Bowers

[bou-erz]
|

noun

Claude Ger·nade [zher-nahd] /ʒərˈnɑd/, 1878–1958, U.S. diplomat and historian.

bower

1
[bou-er]

noun

a leafy shelter or recess; arbor.
a rustic dwelling; cottage.
a lady's boudoir in a medieval castle.

verb (used with object)

to enclose in or as in a bower; embower.

Origin of bower

1
before 900; Middle English bour, Old English būr chamber; cognate with Old Norse būr pantry, German Bauer birdcage; akin to neighbor

Related formsbow·er·like, adjective

bower

2
[bou-er]

noun Nautical.

an anchor carried at a ship's bow.

Origin of bower

2
First recorded in 1645–55; bow3 + -er1

Also called bower anchor.

bower

3
[bou-er]

noun

a person or thing that bows or bends.

Origin of bower

3
First recorded in 1590–1600; bow1 + -er1

bower

4
[boh-er]

noun Music.

a musician, as a violinist, who performs with a bow on a stringed instrument.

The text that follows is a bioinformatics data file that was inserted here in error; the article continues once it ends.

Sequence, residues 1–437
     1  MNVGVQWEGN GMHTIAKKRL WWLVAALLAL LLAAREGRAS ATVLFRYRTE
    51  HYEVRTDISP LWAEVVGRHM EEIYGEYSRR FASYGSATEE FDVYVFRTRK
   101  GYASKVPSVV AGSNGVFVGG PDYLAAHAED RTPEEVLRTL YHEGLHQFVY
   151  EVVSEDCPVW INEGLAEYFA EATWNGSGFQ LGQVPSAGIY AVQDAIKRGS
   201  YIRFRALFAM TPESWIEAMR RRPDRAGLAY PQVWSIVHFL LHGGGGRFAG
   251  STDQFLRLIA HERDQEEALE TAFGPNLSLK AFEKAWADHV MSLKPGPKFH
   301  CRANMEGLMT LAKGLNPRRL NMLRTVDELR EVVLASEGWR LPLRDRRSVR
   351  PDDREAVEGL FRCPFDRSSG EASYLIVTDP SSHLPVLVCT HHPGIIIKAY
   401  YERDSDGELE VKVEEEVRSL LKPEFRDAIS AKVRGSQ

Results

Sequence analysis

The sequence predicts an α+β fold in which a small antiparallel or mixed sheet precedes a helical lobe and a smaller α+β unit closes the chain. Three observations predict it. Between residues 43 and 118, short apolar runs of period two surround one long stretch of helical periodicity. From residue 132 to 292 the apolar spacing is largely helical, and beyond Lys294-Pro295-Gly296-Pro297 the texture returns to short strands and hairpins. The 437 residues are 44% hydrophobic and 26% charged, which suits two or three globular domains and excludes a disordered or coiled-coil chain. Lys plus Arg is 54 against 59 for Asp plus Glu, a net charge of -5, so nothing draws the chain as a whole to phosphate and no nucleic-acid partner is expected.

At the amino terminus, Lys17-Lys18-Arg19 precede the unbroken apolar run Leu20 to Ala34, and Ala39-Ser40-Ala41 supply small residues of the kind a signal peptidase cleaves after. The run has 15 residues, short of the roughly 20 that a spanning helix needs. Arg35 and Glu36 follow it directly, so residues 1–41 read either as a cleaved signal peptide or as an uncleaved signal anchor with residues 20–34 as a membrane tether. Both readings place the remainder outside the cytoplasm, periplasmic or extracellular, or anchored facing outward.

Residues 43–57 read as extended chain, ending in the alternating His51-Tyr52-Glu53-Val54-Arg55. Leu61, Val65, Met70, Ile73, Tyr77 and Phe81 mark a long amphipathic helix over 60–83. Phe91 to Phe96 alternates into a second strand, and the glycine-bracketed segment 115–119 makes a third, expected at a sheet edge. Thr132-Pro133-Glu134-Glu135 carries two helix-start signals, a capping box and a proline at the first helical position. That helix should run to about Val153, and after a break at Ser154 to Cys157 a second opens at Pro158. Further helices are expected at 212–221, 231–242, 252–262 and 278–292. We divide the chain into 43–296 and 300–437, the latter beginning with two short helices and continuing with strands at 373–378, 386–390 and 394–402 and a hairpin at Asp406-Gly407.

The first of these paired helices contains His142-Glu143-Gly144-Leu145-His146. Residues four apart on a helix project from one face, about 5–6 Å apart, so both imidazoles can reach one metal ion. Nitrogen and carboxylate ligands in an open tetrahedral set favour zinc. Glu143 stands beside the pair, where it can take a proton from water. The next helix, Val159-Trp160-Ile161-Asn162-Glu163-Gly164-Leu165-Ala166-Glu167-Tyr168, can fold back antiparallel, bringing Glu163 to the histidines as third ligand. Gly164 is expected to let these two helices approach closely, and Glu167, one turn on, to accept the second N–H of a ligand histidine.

Origin of bower

4
late Middle English word dating back to 1400–50; see origin at bow2, -er1

Dictionary.com Unabridged Based on the Random House Unabridged Dictionary, © Random House, Inc. 2019

Examples from the Web for bowers


British Dictionary definitions for bowers

bower

1

noun

a shady leafy shelter or recess, as in a wood or garden; arbour
literary a lady's bedroom or apartments, esp in a medieval castle; boudoir
literary a country cottage, esp one regarded as charming or picturesque
Derived Formsbowery, adjective

Word Origin for bower

Old English būr dwelling; related to Old Norse būr pantry, Old High German būr dwelling

bower

2

noun

nautical a vessel's bow anchor

Word Origin for bower

C18: from bow ³ + -er 1

bower

3

noun

a jack in euchre and similar card games

Word Origin for bower

C19: from German Bauer peasant, jack (in cards)

Collins English Dictionary - Complete & Unabridged 2012 Digital Edition © William Collins Sons & Co. Ltd. 1979, 1986 © HarperCollins Publishers 1998, 2000, 2003, 2005, 2006, 2007, 2009, 2012

Word Origin and History for bowers

bower

n.

Old English bur "room, hut, dwelling, chamber," from Proto-Germanic *buraz (cf. Old Norse bur "chamber," Swedish bur "cage," Old High German bur "dwelling, chamber," German Bauer "birdcage"), from *bu- "to dwell," from PIE root *bheue- "to be, exist, dwell" (see be). Modern spelling developed after mid-14c. Sense of "leafy arbor" (place closed in by trees) is first attested 1520s. Hence, too, Australia's bower-bird (1847).

Online Etymology Dictionary, © 2010 Douglas Harper